At least fifty years before Europeans first made contact with the Haida, some Haida families had reacted to growing pressures on the population of the villages around North Island by beginning to move to the islands of what is now the Prince of Wales archipelago in southeast Alaska. Another reason for the move may have been to position themselves closer to the Russian trading posts at Wrangell and Sitka that supplied important materials as well as new objects of wealth.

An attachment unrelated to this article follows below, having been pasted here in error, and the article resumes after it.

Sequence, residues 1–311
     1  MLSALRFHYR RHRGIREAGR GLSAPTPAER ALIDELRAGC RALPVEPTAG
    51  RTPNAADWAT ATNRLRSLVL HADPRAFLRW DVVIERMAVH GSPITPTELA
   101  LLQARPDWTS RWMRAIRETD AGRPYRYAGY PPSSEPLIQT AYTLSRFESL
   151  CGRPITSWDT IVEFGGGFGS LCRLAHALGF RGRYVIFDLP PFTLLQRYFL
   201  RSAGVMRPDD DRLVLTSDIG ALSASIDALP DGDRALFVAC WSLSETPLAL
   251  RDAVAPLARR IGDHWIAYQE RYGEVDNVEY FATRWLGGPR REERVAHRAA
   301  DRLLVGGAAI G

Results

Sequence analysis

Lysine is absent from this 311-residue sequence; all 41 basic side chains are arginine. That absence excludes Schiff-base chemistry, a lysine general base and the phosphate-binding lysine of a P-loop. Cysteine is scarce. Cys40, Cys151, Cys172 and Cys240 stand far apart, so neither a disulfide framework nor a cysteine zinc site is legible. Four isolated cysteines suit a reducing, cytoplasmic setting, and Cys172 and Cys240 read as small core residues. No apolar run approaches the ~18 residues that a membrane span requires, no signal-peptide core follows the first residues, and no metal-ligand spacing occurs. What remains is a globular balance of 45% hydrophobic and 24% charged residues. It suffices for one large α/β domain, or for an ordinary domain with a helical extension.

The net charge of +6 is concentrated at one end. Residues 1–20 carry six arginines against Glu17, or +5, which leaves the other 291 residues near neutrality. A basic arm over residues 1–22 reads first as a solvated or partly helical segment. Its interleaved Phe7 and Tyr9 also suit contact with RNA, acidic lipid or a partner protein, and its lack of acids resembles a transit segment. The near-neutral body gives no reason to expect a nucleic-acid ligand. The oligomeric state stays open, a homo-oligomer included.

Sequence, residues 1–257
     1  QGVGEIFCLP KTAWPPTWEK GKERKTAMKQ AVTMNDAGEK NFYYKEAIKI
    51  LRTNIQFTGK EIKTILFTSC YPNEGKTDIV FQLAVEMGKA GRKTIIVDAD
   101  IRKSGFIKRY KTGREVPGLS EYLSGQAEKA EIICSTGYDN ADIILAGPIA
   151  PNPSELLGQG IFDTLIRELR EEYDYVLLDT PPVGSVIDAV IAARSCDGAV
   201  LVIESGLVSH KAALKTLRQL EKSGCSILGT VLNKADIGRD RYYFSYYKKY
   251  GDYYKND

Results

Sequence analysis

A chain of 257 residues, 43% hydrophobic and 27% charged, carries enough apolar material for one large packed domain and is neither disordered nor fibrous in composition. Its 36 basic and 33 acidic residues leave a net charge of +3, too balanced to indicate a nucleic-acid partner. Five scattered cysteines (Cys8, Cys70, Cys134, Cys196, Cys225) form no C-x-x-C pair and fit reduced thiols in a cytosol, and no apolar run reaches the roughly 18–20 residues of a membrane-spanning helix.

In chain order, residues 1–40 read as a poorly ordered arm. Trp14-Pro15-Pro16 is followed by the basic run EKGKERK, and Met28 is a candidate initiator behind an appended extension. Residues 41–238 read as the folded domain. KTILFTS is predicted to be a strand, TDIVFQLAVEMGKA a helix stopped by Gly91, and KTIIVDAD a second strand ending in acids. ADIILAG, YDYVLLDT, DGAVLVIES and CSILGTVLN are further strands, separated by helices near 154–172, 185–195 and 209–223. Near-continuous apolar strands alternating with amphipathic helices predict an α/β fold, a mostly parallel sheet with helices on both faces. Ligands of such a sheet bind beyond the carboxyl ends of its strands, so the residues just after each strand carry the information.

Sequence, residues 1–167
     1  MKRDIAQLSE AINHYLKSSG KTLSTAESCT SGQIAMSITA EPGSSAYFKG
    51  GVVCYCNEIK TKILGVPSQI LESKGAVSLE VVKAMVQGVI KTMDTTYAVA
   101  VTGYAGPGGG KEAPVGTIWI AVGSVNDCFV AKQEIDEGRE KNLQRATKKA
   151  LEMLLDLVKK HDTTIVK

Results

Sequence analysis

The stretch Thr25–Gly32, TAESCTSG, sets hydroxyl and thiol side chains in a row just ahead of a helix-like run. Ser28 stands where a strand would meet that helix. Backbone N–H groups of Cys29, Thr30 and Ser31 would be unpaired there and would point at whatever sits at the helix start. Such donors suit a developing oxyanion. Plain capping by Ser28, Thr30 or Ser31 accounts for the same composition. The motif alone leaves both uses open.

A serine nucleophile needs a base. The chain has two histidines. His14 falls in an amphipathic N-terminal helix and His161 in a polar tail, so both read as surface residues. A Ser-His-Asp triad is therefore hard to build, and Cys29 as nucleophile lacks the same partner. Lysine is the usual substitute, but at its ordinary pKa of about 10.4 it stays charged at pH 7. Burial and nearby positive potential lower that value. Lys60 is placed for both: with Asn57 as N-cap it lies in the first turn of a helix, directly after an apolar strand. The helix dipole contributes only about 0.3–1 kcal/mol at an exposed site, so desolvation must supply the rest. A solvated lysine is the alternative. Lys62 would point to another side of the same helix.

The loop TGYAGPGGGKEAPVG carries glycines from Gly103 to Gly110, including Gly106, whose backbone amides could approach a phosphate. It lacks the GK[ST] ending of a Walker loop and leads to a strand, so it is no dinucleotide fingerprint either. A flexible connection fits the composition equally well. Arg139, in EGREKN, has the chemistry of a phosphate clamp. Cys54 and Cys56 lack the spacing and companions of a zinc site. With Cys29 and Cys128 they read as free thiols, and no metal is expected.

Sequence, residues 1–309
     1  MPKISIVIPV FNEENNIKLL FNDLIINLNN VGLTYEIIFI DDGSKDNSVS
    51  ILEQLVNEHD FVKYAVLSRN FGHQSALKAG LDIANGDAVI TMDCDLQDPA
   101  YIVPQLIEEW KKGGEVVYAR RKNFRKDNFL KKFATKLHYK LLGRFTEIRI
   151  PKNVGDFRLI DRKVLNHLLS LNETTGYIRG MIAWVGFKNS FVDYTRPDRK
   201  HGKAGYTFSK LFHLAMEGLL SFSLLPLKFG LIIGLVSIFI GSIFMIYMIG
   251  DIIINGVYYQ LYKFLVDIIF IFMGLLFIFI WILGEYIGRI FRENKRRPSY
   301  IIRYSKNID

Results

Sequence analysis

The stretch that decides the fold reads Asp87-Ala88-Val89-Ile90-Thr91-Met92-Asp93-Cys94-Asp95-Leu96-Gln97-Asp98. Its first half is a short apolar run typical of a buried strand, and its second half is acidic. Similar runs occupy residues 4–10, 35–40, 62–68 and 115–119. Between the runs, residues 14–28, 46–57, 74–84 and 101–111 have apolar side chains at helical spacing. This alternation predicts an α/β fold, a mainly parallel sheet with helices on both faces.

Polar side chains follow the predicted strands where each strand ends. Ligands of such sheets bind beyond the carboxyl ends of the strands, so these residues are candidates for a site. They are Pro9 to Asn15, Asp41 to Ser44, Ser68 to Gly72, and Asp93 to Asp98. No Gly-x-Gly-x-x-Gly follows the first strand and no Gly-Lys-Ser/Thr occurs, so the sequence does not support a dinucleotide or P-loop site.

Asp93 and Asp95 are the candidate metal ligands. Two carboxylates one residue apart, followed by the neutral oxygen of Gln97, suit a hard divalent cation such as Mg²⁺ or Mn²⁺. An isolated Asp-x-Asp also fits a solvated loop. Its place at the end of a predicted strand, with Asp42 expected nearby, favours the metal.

According to traders' accounts of the late eighteenth century, the families of Dadens village on Haida Gwaii were actively relocating to southeast Alaska to the extent that it was virtually abandoned as a permanent village by the early nineteenth century. Slowly, the Haida replaced the Tlingit-speaking people who had occupied the area for thousands of years; however, the original Tlingit place names survive, at least in part, in many Kaigani Haida village names. Eventually, the Haida towns and camps included Kaigani itself, a camp that waned as initial immigrants moved on to other settlements, including the larger more permanent villages of Klinkwan, Sukkwan, Howkan and Kasaan.